In the previous two posts I have introduced you to the science of spaced repetition, and also why it works for memorizing large quantities of information. I highly recommended the free program, Anki, which enables users to create digital flashcards and learn any subject that requires memorization. It makes perfect sense that plenty of people have used Anki to learn foreign languages, and I think it could really help premeds with MCAT preparation. I also have firsthand experience with spaced repetition learning. Since the first day of classes (almost 6 months ago), I have used Anki to learn the vast amounts of material presented in medical school. Using Anki in medical school is easy. It has worked wonders for my studying, and helped me honor over half of my courses. More importantly I am remembering information presented months ago, instead of forgetting everything right after the test.Read More
The following post first appeared on KevinMD, a popular medical blog. My mom wrote me the following letter during my first semester in medical school. She has been a patient, and a mother/wife/sister/daughter of patients. She has been around countless doctors. Here is her take on what makes a great one: Dear Son,
I am so very proud that you are becoming a physician and that you chose this profession, not for the prestige or the financial advantages, but because you want to help people.
You invested an unfathomable amount of your time, energy and money to become a doctor. Your patients are extremely grateful for your commitment to be the best health care provider for them, even if they never voice these words.
Being a great doctor requires more than years of medical education and thousands of hours spent in residency. You need to be trustworthy for your patients and in turn you need to trust them.
Remember that you will help those with more and with less education than you. You will treat people with more and with less money than you. You will aid patients that are very similar to you and those that couldn’t be more different. You must be trustworthy to each and every one of them. What do they have in common? They need you.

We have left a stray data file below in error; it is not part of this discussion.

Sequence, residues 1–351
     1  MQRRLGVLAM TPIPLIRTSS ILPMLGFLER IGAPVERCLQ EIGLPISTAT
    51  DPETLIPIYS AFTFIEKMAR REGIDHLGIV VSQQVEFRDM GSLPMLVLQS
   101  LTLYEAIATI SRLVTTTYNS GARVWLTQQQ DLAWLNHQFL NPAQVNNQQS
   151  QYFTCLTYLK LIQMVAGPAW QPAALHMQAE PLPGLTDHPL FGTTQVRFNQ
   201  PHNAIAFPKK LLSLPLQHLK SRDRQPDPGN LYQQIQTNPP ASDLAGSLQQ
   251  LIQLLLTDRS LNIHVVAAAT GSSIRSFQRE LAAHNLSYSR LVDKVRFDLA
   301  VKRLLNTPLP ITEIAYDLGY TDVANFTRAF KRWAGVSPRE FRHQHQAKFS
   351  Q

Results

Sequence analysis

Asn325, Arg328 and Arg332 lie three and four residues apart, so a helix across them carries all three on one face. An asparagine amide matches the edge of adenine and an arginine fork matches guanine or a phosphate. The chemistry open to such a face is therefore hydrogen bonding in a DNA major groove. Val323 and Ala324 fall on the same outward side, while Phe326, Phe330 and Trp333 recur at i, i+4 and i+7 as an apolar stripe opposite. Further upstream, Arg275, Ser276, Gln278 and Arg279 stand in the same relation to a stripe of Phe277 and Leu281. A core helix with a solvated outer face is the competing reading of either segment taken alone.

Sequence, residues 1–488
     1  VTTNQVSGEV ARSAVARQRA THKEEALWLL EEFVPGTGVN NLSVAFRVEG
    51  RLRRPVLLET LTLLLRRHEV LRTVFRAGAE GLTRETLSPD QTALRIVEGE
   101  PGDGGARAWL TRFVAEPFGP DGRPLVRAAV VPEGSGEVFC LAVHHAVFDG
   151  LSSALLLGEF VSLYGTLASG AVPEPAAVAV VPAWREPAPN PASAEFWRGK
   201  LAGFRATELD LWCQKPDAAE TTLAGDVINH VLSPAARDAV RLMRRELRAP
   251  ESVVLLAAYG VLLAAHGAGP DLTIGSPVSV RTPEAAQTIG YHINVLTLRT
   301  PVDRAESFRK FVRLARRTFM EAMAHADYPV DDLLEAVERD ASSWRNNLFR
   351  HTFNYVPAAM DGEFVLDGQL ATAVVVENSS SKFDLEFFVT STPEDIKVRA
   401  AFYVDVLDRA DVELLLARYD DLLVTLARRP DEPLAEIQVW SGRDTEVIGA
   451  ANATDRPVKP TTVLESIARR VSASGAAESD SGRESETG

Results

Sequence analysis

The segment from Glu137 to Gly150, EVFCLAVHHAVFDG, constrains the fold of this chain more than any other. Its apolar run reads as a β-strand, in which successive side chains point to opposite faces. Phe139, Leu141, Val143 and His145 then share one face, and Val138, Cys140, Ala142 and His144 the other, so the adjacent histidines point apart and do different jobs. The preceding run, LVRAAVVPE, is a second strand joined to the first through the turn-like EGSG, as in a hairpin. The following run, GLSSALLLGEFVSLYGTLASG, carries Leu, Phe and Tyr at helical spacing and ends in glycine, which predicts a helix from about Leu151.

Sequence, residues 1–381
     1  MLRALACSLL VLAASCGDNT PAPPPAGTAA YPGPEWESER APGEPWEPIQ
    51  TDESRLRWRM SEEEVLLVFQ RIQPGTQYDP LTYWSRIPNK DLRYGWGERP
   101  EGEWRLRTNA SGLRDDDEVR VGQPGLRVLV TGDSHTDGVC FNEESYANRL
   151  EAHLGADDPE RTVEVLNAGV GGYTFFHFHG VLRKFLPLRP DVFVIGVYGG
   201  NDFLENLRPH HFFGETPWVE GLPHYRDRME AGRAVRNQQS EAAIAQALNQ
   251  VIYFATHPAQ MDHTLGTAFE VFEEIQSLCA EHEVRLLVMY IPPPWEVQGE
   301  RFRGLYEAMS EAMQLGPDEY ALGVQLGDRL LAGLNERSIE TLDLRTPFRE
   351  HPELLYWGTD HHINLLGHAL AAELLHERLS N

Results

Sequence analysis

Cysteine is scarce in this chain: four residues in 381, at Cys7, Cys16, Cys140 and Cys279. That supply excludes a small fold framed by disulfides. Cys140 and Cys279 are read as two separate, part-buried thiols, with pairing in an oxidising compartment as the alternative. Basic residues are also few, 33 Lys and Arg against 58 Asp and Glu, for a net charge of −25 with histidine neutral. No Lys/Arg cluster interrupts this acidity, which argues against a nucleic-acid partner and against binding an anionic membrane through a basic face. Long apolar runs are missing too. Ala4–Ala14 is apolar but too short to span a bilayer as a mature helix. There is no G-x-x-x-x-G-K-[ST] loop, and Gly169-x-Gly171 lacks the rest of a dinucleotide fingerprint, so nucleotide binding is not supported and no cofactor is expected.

Your title and your knowledge may give you a presumed power over your patients. Always respect that power and never think so highly of yourself that you make your patients feel inferior. Remember when someone is in need, that someone is vulnerable. Don’t dishonor that vulnerability. Be kind. Be patient. Keep their secrets. If you don’t know how to treat someone, be honest and refer that patient to another physician. Your ego is never as important as your patients’ health.
You must be trustworthy so that your patient can feel safe enough to tell you what is really going on. When I was only 17, I exhibited some scary health symptoms for a teenager. However this fear is present in all patients when their body is not doing what it is supposed to do.You need to remember that fear in patients and respect it. To tell my mom what was going on with me was scary enough, but being able to tell my doctor was beyond terrifying. My physician was so kind, and so honest about what procedures I needed to have done and why I needed them done. He treated me with respect. He treated me as an adult. He was trustworthy. I am eternally grateful to him.